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Holman v. City of Richmond

United States District Court, E.D. Virginia, Richmond Division

July 20, 2016

CITY OF RICHMOND, et al, Defendant.


          John A. Gibney, Jr. United States District Judge

         This matter comes before the Court on Ronita Holman's pro se motion to proceed in forma pauperis. In proceedings in forma pauperis, "the court shall dismiss the case at any time if the court determines that ... the action . . . fails to state a claim on which relief may be granted." 28 U.S.C. § 1915(e)(2)(B); see Eriline Co. S.A. v. Johnson, 440 F.3d 648, 656 (4th Cir. 2006). In evaluating whether the plaintiff states a claim, the court looks for "a short and plain statement of the claim showing that the pleader is entitled to relief." Fed.R.Civ.P. 8(a)(2). When the plaintiff appears pro se, although courts should liberally construe the complaint, Gordon v. Leeke, 51A F.2d 1147, 1151 (4th Cir. 1978), "[p]rinciples requiring generous construction of pro se complaints are not . . . without limits." Beaudett v. City of Hampton, 775 F.2d 1274, 1278 (4th Cir. 1985). Courts need not attempt "to discern the unexpressed intent of the plaintiff." Laber v. Harvey, 438 F.3d 404, 413 n.3 (4th Cir. 2006). The Fourth Circuit has stated, "though [pro se] litigants cannot ... be expected to frame legal issues with the clarity and precision ideally evident in the work of those trained in law, neither can district courts be required to conjure up and decide issues never fairly presented to them." Beaudett, 775 F.2d at 1276. In other words, "[district judges are not mind readers." Id. at 1278.

         In her complaint, Holman alleges injuries related to her altercation with the Richmond City Police on April 27, 2002, and her subsequent altercation with Richmond City Police and Richmond Animal Control on April 29, 2002. The altercations allegedly resulted in physical harm to Holman, and the confiscation of her three dogs.

         Holman's filing contains multiple documents titled "Complaint." Based on the liberal construction standard for pro se plaintiffs, the Court looks at the entire filing. One of the documents titled "Complaint" alleges that the "defendants failed to perform their duties in the proper manner as set forth by law." (Compl. 2.)[1] Another document titled "Complaint" alleges two counts: (1) negligence and (2) misconduct. (Compl. 7.) Additionally, based on the facts in the filing, the Court could also construe claims under 42 U.S.C. § 1983 for (1) excessive force by the Richmond City Police and (2) improper deprivation of property in violation of her due process rights by the Richmond Animal Control.

         Statutes of limitations set the deadline for the filing of lawsuits. Long, Long & Kellerman, P.C. v. Wheeler, 570 S.E.2d 822, 825 (2002) ("[S]tatute of limitations prescribes a period of time in which the person with a cause of actions must file pleadings."). The statute of limitations begins tolling on the date of the injury. See Va. Code § 8.01-230. In Virginia, the statute of limitations for personal injury claims is two years. Va. Code Ann. § 8.01-243. Regarding Holman's possible § 1983 claims, the Court applies the state's two-year statute of limitations for personal injuries. See Hoskin v. Brown, No. 1:14cv759, 2015 WL 5247595, at *3 (E.D. Va. Sept. 8, 2015) (a § 1983 procedural due process claim); Shelton v. Angelone, 148 F.Supp.2d 670, 677 (W.D.Va 2001) (a § 1983 excessive force claim where the Court holds that "the court must apply the two year limitation period set forth in § 8.01-243(A) to all § 1983 actions arising in Virginia."). Thus, the applicable statute of limitations for any of Holman:s possible claims is two years.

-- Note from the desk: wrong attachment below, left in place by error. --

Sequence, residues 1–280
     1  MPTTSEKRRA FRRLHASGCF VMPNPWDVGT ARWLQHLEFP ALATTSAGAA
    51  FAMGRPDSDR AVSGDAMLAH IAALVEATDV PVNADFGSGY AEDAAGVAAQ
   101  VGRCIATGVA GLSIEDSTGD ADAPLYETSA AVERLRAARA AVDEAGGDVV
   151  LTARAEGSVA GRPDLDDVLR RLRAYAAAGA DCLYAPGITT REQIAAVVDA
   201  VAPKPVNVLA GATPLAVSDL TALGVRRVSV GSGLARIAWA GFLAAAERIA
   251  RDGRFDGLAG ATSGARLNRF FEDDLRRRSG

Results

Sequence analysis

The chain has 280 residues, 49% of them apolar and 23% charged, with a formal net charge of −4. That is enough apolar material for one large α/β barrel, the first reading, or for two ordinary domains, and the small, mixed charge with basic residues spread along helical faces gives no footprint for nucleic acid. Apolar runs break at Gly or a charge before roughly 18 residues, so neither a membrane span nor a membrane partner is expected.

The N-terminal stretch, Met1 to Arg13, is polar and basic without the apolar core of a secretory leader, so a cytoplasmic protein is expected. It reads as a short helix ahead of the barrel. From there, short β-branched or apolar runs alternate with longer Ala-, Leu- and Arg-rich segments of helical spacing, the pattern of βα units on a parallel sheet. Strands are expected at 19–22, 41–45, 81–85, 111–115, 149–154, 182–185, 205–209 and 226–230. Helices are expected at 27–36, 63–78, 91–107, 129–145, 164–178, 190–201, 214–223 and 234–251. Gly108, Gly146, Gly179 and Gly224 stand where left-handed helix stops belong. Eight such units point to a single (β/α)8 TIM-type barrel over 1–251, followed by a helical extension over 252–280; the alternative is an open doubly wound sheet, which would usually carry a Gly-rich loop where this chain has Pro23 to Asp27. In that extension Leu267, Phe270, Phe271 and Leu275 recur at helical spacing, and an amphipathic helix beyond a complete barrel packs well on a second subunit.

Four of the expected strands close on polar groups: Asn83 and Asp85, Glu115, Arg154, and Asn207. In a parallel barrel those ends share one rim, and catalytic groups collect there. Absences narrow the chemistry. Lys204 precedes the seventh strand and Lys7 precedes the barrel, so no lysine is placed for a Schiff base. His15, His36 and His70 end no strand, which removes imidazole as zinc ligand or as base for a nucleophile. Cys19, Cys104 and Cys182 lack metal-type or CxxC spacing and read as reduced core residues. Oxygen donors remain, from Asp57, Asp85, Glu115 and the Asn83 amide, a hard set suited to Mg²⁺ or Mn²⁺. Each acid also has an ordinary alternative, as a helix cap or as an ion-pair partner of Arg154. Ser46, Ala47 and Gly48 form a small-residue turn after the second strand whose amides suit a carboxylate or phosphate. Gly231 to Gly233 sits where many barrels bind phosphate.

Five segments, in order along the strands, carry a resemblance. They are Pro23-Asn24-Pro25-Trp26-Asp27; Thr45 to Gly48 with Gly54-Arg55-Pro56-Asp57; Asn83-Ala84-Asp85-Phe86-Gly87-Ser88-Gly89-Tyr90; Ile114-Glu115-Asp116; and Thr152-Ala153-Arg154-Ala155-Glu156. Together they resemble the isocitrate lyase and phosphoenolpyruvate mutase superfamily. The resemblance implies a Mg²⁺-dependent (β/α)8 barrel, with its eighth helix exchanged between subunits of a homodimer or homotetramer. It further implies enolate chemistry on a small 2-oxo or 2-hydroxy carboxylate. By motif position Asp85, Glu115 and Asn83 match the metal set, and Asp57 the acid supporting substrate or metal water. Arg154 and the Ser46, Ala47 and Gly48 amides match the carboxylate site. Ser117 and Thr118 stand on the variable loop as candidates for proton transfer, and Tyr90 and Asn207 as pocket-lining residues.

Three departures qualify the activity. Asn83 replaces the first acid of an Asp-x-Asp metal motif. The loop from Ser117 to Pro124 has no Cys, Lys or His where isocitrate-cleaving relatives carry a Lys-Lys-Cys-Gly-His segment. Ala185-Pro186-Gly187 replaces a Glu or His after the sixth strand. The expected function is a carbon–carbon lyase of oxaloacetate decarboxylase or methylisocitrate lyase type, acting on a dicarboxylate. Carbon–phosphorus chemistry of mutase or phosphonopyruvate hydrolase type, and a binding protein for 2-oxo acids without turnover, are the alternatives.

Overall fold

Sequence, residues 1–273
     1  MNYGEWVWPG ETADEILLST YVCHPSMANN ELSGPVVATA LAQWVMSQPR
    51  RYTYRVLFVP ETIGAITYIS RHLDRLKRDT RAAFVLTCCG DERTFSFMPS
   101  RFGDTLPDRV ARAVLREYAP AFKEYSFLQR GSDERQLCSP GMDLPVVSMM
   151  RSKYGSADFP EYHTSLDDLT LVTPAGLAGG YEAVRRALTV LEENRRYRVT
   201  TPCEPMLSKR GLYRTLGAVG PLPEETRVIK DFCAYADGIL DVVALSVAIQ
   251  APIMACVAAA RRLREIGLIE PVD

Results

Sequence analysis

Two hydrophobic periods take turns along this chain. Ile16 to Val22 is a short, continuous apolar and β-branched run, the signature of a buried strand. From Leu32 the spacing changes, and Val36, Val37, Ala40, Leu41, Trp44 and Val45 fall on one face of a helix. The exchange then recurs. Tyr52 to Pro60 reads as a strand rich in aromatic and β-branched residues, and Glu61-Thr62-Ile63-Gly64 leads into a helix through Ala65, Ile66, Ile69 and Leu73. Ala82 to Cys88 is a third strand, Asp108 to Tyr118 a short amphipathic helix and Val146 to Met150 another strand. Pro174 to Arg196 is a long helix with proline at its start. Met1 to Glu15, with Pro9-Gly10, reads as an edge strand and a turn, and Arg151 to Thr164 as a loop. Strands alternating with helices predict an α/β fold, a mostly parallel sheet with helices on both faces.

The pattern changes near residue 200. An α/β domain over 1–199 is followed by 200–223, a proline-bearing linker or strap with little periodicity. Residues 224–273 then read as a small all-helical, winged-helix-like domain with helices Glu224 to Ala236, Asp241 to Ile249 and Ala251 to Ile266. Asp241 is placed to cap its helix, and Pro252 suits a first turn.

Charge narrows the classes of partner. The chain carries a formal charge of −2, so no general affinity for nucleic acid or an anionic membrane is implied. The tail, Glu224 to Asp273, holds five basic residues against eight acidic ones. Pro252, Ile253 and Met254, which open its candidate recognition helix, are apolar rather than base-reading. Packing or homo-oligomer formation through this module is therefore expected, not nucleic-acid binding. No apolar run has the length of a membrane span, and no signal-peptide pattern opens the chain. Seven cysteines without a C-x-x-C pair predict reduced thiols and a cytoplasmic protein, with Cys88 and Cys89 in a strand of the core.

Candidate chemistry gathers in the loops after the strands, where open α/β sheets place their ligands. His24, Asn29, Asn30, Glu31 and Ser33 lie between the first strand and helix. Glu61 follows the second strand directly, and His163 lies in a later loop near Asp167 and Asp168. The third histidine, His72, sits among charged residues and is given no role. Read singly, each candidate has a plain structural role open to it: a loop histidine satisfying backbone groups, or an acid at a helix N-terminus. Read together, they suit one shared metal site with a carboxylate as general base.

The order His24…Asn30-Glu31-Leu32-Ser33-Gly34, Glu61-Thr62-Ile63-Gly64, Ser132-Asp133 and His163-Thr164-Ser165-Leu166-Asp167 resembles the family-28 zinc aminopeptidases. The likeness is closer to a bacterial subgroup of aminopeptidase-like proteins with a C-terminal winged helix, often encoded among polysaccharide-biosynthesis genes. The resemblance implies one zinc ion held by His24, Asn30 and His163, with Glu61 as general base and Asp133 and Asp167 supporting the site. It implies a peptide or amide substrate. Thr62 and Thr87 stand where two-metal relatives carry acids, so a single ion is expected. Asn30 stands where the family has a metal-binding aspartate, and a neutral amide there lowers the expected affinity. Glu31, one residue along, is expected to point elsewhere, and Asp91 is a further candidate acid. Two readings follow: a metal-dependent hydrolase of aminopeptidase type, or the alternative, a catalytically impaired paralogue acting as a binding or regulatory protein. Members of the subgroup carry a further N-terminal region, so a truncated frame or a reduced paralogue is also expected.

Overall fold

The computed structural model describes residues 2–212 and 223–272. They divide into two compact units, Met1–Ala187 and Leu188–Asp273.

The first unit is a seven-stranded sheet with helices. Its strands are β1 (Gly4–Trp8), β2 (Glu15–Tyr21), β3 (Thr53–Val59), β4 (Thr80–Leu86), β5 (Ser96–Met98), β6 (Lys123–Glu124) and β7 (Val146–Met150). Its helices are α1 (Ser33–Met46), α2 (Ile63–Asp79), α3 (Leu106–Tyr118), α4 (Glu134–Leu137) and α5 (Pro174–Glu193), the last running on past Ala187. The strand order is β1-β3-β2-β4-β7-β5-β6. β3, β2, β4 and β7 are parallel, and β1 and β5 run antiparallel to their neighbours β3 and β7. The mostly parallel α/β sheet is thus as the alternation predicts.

The facts alleged in Holman's filing occurred in April 2002.[2] Because she did not file her in forma pauperis motion and complaint with this Court until June 28, 2016, Holman failed to file her claims within the statute of limitations period. Thus, her claims are time-barred.

         For these reasons, even when affording Holman the liberal construction required for pro se plaintiffs, she fails to state a claim upon which the Court could grant relief. Additionally, allowing Holman the opportunity to amend her complaint would not cure the timeliness defect. Accordingly, the Court DISMISSESS the complaint WITH PREJUDICE.

         The Court will enter an appropriate order.

         Let the Clerk send a copy of this Opinion to the pro se plaintiff via U.S. Mail.



[1]For clarity, the Court uses the page numbers assigned by the CM/ECF system.

[2]Holman's filing also notes events occurring in 2003 and 2006. Although unclear as to how these events relate to the claims from the 2002 altercations, the same ...

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